Throughout the film, McCall uses any object he has to hand as a lethal weapon, usually decimating a room full of people with whatever’s in reach. A corkscrew, a whiskey glass… an egg probably, he could kill you with an egg, or… like, a packet of Angel Delight or something. The point is that he turns the bad guys’ environments against them, weaponising tools and everyday objects against a whole array of guns. I like to characterise this kind of thing as “working class weaponry,” making do with you have but using your familiarity with it to take the fight to your oppressors.

In a not-so-surprising third act twist, the bad guys (led by the always entertaining Marton Csokas) bring the fight to McCall and instigate a gunfight at the hardware store where he works. Forced to cast aside the secrecy that keeps his life in balance, he dispatches the baddies using the full range of reasonably priced house and garden tools available on the shelves. Think the tool shed scene from Commando but played more straight-faced and with more brutal barbed wire hangings.

OK, so I will admit that The Equalizer isn’t quite as revolutionary as I’m making out, ideologically or artistically, but it does stand out in a genre so full of macho old men trying to prove they’re tougher than the young guys because they pretended to fight in Vietnam. Instead of being aimed at an insecure subset of fragile men who need their masculinity affirmed at every opportunity, especially in the face of a younger generation who aren’t afraid to cry or eat phallic-shaped fruits.

Let us not forget the “Thank you for making us Men” billboard aimed squarely at Sylvester Stallone himself. All too perfect an image, attributing your personal manhood to a handful of films, capitalising “men” and throwing in a little bit of good ol’ USA patriotism for flavour. In a time when there are just too many women in Star Wars and Mad Max, we need the desperately anti-revolutionary old men to remind us that our willies are still there.

Perhaps the best, most shining entry into this genre has yet to be mentioned. In 2014, Keanu Reeves waltzed right back into our hearts like he owned in the much acclaimed – and rightly so – John Wick. John Wick and its very worthy sequel take place in the bizarrely insular world of international assassins. Reeves plays the eponymous assassin coming out of retirement to pursue a personal vendetta (they killed his dog!), but appears to be returning to a career in an industry built entirely out of people whose job is to kill each other. Managing to be both comical and genuinely thrilling, John Wick presents the world of assassins as a baffling, self-consuming organisation where the old stalwarts stick around because what the hell else are they going to do?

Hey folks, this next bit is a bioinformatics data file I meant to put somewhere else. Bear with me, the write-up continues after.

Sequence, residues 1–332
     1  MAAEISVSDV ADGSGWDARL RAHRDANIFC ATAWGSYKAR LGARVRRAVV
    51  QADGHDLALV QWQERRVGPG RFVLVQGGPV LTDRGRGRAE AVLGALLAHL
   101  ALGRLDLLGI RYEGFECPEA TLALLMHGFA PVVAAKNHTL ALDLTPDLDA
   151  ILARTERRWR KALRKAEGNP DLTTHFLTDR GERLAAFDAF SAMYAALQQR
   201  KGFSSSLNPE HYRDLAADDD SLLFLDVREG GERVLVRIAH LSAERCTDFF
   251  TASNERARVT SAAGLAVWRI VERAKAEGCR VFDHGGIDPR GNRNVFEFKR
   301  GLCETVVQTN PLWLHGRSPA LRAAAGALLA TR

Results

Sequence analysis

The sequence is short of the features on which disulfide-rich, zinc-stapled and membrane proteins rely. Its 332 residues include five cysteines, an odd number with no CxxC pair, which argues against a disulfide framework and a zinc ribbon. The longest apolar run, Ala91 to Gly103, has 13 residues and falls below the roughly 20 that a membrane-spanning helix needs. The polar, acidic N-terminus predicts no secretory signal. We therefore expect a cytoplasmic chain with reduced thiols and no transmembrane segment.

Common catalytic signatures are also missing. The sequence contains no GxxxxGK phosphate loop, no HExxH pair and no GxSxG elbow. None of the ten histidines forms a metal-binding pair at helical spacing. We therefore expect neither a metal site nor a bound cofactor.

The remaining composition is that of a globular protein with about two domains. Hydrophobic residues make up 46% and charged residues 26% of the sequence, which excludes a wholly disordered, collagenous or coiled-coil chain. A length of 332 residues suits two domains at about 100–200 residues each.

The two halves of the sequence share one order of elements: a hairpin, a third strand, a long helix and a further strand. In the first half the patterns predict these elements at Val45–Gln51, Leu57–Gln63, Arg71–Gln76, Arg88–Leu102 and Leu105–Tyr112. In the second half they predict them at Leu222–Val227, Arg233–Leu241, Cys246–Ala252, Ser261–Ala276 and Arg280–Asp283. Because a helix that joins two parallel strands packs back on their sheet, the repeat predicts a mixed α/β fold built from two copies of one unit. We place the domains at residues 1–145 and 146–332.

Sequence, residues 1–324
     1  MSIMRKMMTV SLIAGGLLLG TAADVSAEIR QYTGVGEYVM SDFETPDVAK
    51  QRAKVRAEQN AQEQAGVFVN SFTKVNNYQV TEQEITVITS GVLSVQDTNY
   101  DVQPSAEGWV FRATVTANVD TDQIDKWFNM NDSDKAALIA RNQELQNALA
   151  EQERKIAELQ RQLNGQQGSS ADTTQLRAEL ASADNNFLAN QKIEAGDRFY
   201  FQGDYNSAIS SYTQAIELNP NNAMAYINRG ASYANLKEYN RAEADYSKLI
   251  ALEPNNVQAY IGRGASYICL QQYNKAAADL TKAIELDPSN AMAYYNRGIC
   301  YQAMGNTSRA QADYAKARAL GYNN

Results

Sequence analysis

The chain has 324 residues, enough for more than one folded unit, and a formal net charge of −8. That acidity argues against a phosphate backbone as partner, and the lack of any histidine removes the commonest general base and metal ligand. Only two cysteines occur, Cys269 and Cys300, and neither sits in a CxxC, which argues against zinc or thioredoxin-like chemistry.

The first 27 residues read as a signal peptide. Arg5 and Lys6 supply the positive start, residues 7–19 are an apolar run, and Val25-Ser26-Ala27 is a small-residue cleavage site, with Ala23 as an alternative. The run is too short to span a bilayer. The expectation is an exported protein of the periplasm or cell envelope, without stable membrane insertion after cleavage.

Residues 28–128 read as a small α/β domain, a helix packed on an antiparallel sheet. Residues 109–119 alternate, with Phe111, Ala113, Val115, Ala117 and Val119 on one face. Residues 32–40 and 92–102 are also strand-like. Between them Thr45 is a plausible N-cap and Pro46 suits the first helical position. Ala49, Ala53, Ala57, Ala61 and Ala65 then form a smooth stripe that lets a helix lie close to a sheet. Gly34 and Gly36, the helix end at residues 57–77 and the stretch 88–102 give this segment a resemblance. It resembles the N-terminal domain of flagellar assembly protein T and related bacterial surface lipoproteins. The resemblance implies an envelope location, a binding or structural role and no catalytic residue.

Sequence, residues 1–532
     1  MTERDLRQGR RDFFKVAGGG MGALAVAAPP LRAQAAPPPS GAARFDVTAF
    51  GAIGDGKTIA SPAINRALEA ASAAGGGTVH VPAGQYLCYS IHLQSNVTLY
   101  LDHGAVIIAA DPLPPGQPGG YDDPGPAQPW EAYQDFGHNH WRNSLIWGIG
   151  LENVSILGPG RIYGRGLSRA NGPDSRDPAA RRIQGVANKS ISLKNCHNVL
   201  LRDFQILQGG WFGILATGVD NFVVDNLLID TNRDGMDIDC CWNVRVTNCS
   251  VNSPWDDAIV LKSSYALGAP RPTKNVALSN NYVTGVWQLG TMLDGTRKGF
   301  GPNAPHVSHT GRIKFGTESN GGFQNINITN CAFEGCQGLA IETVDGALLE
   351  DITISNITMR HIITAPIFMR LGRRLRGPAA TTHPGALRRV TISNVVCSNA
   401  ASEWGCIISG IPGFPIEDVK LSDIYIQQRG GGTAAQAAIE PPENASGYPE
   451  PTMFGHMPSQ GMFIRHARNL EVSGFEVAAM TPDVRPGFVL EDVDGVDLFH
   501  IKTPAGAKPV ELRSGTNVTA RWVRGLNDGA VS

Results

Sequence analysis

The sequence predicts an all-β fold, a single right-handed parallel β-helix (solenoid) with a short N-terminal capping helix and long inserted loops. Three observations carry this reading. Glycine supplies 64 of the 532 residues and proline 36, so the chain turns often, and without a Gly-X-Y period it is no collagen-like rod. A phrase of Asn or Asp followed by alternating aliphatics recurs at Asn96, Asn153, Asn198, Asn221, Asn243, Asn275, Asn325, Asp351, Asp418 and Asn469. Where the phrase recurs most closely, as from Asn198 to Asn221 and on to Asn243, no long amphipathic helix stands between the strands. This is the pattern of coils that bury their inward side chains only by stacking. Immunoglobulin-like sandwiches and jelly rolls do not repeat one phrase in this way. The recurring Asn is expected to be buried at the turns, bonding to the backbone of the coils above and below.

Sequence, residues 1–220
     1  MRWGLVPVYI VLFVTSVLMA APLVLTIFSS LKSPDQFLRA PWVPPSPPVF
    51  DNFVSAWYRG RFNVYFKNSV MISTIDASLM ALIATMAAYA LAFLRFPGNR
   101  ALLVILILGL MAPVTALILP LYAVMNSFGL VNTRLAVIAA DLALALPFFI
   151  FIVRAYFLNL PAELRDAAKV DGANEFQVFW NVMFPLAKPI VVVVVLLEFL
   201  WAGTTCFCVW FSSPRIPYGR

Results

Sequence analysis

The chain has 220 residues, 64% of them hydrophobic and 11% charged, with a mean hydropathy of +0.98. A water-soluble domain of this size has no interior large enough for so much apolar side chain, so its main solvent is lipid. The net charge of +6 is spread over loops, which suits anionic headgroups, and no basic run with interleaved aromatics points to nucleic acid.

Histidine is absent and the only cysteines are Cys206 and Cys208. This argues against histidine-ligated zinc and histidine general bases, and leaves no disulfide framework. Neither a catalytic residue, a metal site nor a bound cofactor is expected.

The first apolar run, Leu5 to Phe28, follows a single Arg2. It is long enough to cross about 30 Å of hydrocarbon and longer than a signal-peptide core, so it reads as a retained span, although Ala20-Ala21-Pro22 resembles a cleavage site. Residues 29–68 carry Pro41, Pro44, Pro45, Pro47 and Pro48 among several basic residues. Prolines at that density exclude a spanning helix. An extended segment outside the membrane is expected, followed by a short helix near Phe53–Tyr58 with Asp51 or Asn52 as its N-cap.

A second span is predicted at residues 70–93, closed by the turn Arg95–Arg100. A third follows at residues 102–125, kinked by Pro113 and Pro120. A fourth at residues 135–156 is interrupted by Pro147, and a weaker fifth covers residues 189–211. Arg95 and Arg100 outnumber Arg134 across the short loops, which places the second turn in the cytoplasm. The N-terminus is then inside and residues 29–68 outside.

At the end of the day, it seems that what these films are trying to do is present us with aspirational father figures. If that is the case, The Equalizer’s Robert McCall is certainly a father figure to look up to. Someone who knows his golden years have passed by but hasn’t yet outlived his usefulness; someone who will do what he can for the future generations. John Wick, meanwhile, is more of a fun uncle that you turn to get away from your real life dad who won’t shut up about Clint Eastwood.

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Written by Ian Maddison

Once prolific film critic and essayist “Big” Ian Maddison is coming back into style.